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Year : 2017  |  Volume : 5  |  Issue : 1  |  Page : 5-10

Incidence of snake bite and utilization of antivenom in the University of Benin Teaching Hospital Benin City, Nigeria

1 Department of Pharmacy, Accident and Emergency Centre, University of Benin Teaching Hospital, Benin City, Nigeria
2 Department of Clinical, Accident and Emergency Centre, University of Benin Teaching Hospital, Benin City, Nigeria

Date of Web Publication28-Sep-2018

Correspondence Address:
Mr. Sylvester Erhunmwonsere Aghahowa
Department of Pharmacy, Accident and Emergency Centre, University of Benin Teaching Hospital, PMB 1111, Ugbowo, Benin-City
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Source of Support: None, Conflict of Interest: None

DOI: 10.4103/njecp.njecp_27_15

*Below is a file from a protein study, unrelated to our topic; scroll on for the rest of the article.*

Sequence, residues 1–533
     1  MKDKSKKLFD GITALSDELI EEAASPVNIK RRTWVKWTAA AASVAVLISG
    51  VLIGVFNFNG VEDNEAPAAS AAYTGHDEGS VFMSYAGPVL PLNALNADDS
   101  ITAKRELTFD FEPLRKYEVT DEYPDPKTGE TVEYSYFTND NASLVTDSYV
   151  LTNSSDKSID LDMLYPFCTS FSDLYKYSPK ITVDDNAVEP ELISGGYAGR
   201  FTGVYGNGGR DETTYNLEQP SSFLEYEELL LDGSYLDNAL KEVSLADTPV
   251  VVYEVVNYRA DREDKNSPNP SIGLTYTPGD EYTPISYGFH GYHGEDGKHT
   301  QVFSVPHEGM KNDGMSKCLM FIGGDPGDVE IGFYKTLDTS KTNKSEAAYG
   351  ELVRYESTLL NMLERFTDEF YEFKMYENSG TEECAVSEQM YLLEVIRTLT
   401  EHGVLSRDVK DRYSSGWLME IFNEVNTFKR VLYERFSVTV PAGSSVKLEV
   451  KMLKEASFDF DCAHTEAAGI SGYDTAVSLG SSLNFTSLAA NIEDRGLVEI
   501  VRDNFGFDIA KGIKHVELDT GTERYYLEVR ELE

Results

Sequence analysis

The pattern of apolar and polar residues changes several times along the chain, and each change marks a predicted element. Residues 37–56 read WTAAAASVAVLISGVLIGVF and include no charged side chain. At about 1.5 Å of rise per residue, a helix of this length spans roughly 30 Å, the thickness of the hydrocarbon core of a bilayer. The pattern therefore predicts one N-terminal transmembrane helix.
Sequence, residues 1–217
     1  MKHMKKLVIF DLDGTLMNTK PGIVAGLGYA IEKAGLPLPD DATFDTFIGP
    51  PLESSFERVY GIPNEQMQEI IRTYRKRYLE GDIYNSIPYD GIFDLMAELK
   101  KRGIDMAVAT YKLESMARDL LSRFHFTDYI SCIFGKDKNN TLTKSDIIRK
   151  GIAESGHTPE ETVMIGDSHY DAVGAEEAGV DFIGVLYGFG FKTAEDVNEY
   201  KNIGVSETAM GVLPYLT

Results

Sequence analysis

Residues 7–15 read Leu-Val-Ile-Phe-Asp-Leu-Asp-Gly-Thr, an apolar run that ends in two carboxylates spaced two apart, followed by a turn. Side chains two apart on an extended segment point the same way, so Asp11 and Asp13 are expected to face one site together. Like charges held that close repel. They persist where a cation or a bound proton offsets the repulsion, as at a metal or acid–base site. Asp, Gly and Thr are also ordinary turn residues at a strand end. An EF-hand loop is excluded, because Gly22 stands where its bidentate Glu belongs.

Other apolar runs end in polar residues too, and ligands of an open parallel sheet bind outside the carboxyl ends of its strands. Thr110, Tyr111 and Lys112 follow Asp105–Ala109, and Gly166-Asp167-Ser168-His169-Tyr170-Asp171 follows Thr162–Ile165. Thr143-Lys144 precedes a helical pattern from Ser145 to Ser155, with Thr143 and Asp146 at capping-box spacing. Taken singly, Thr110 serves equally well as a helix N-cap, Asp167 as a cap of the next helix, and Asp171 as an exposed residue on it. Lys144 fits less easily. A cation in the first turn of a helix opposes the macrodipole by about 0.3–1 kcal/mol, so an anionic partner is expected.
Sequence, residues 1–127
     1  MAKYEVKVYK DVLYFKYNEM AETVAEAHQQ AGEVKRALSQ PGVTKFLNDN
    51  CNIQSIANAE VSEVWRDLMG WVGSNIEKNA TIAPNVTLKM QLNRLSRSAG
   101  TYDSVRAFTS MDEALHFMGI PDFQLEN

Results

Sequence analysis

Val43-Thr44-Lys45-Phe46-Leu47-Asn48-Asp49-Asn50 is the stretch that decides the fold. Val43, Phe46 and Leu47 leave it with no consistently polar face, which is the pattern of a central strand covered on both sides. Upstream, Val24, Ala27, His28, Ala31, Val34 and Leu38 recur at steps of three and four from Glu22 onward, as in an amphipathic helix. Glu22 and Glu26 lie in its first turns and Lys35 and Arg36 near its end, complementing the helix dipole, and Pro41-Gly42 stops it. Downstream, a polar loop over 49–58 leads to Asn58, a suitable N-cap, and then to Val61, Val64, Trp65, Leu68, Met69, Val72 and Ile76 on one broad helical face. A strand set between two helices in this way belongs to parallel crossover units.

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Background: Bite resulting from animals seems to be a neglected disease. Since there were cases reported as emergency our institution, there is need to assess the incidence and drug utilization. Objective: To assess the incidence of snake bite and utilization of antivenom over 12 years in the Accident and Emergency Centre of the University of Benin Teaching Hospital, Benin City, Nigeria. Materials and Methods: Data from medical record of snake bite and antivenom utilization between the year 2000 and 2011 were assessed from the centre after obtaining permission. Results: One hundred and thirty-six vials of polyvalent antivenom were utilized in the management of 129 patients that reported with snake bite. The victims were 103 (79.9%) males and 26 (20.2%) females within range of 2 years to 68 years (median, 34 years). The incidence was significantly higher among young adult males aged between 29 and 36 years. Limbs were the most common sites of bite and farmers were the most vulnerable which constituted larger proportion of 75 (58.14%) of unskilled workers. On arrival at the hospital, 90 (69.8%) of the victims had local tourniquet applied above the bitten sites. Their only description of snake was in color and size. Thirty-four patients visited herbalist before reporting to hospital. Oral quinolone (ciprofloxacin) and diclofenac were the most frequently used antibacterial and anti-inflammatory agents. Maximum duration of hospitalization was (102 ± 0.61 h). No death was recorded following snake envenomation and no adverse drug reaction during therapy. Conclusion: Adequate stocking of antivenom is strongly recommended during drug procurement because snake bite complications can be fatal if not promptly treated.